Why would you want to be a socialist in this day and age? When it seems capitalism has triumphed over and above everything else. This has lead to people, like Francis Fukuyama, to proclaim “the end of history”. In contrast to Marx this end is embodied in liberal western democracies and, more importantly, in the dominance of the free-market. In current politics, with the advent of Anthony Gidden’s ‘third way’ politics and the idea that left and right politics have become obsolete, socialism is no longer seen as a political force in society.
I would, in essence, like to say this is precisely what makes me a socialist. My need to challenge the malaise that is strangling the life out politics today and insists on an unethical and inefficient socio-economic system. Marx stated: “The philosophers have only interpreted the world, in various ways, the point is to change it.” However, it is important still to interpret the world first, before one goes about changing it so one knows why it needs to be changed, and hence why I am a socialist. All around me, I can see injustices, poverty and war, and I can interpret the root of these problems in contemporary capitalism.
As far back as I’ve be able to grasp and understand political concepts, I’ve been anti-capitalist, although not necessarily socialist. I’ve come to see the inherent and intrinsic emptiness that accompanies materialism, consumerism and profiteering. I suppose it started off with me becoming aware of certain things around me, the vast inequality between rich and poor people and countries. It was through George Monbiot and his book The Age of Consent that I first became aware of the extent of conflict and oppression of poor countries by rich countries and the exploitation that huge corporate multi-national companies get away with.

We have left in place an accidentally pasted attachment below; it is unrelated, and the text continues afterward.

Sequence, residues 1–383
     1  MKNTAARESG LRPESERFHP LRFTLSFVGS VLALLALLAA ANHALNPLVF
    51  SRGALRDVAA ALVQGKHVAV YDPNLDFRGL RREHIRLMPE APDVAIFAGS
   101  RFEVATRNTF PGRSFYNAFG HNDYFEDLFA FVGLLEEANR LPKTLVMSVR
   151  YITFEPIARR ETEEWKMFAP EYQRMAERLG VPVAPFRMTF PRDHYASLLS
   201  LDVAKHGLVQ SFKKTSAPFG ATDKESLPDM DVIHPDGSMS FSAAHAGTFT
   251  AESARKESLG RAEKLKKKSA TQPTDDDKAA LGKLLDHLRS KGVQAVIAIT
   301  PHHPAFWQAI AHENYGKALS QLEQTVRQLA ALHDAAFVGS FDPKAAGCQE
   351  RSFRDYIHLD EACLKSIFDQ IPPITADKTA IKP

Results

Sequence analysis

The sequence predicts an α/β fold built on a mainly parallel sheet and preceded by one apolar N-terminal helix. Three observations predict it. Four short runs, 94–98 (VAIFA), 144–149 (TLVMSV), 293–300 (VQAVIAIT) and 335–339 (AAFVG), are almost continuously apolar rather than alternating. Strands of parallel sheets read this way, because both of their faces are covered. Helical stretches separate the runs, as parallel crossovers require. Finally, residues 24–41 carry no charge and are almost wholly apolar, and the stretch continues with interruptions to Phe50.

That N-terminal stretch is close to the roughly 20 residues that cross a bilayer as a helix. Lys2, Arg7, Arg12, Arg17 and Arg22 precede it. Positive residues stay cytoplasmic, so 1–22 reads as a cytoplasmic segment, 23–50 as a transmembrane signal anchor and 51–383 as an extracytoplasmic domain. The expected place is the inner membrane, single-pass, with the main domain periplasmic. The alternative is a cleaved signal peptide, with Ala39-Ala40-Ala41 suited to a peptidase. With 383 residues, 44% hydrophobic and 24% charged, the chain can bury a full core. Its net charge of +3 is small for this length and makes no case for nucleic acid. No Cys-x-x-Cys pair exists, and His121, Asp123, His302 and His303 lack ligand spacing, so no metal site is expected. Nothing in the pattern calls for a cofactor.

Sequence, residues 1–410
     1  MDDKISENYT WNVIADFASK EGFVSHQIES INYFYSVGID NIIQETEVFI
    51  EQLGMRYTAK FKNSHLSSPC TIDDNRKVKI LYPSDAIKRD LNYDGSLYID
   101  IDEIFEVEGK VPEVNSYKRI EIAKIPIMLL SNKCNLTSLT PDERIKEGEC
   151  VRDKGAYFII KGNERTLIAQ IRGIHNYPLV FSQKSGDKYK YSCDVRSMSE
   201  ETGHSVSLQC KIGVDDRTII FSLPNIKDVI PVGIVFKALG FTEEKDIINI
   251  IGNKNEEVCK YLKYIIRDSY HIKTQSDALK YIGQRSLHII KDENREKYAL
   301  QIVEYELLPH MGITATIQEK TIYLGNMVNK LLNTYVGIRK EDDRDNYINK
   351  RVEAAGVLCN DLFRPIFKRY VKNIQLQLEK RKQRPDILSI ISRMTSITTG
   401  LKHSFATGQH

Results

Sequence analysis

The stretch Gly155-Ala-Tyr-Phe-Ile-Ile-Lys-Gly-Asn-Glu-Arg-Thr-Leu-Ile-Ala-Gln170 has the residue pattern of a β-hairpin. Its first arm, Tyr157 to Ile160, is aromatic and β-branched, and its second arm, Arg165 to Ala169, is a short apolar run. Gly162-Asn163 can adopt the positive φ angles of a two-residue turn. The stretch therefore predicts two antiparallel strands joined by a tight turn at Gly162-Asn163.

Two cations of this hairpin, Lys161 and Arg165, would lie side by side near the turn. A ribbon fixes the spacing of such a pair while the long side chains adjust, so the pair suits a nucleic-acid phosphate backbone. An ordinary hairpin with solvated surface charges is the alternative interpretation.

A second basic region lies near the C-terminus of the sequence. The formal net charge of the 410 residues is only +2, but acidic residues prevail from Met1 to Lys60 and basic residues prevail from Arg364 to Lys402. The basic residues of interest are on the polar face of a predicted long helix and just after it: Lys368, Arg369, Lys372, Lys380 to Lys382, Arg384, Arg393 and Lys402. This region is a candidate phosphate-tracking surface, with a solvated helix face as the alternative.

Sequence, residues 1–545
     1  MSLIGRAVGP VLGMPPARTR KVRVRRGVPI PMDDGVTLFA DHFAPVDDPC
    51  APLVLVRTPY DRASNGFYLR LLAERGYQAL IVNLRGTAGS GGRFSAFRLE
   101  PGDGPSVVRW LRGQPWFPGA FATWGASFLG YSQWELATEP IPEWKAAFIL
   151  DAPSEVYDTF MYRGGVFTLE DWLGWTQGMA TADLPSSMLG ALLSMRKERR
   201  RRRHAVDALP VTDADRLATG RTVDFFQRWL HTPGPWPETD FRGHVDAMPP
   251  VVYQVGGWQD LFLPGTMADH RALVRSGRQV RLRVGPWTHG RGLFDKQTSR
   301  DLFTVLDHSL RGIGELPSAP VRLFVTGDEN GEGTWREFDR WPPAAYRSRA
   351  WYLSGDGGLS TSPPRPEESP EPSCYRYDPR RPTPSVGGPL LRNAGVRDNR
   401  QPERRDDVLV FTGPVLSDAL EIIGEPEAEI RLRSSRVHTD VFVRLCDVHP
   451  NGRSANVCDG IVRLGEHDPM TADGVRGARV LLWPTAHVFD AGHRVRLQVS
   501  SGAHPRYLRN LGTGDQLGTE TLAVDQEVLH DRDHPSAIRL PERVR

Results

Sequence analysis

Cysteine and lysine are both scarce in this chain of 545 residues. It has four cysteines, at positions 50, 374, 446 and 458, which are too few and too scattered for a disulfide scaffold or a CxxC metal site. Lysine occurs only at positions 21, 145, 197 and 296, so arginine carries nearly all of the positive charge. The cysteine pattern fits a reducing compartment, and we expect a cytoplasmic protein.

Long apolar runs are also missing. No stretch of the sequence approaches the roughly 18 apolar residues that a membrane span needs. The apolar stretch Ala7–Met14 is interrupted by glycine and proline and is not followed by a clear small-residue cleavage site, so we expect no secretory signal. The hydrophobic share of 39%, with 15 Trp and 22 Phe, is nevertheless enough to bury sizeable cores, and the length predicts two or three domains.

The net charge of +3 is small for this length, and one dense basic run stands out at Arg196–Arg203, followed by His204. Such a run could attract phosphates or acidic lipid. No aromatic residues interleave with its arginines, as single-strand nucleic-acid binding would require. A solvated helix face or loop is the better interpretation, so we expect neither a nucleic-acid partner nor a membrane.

It thus became obvious what system I’d rather want to be a part of. Although Marx left no practical policies in how to implement socialism, and he didn’t want to speculate on how socialist policy would take shape in a future society. But socialism does allow us to be creative in how we achieve it.
Socialism, then, is about the future, and in different ages each generation defines what socialism means to them. Socialism today, for me, stands for the various issues we can see in contemporary society; it is irrevocably linked to the feminist, gay rights and green movements. It stands for all those that are oppressed under capitalism. It is for those who are victims or subject to the officious nature of the corrupt and powerful. Socialism is a reaction, just like it was initially a reaction to the industrial revolution, and a way out. It’s a project, the great humanistic project that helps give meaning to our earthly existence- namely by altruistically helping the whole of humanity.
As part of the Socialist Students group in the University of Kent at Canterbury (a mainly conservative area), socialism has become a chance for me to evaluate the human condition. Through comradeship and a sense of solidarity it becomes clear to me that the same worries, anxiety and yearning to create a sense of meaning in life is something experienced by most people. In a way, we can all help ourselves; socialism, at heart, is the deep friendship we experience with our comrades in order to help them make sense of the world and ease the nature of their existence. Albert Camus puts this in a poignant light “Don’t walk in front of me; I may not follow. Don’t walk behind me; I may not lead. Just walk beside me and be my friend.”
As part of the unsuccessful ‘John4leader’ campaign to get John McDonnell nominated as Labour Party leader, I am aware that socialist forces are still active and important today. Gordon Brown, now Prime Minister, in ten years as Chancellor of the Exchequer, failed to turn New Labour back from the brink of Thatcherism and capitalist influences. It is clear that, even with a change of PM, nothing much has changed, and the fight must go on…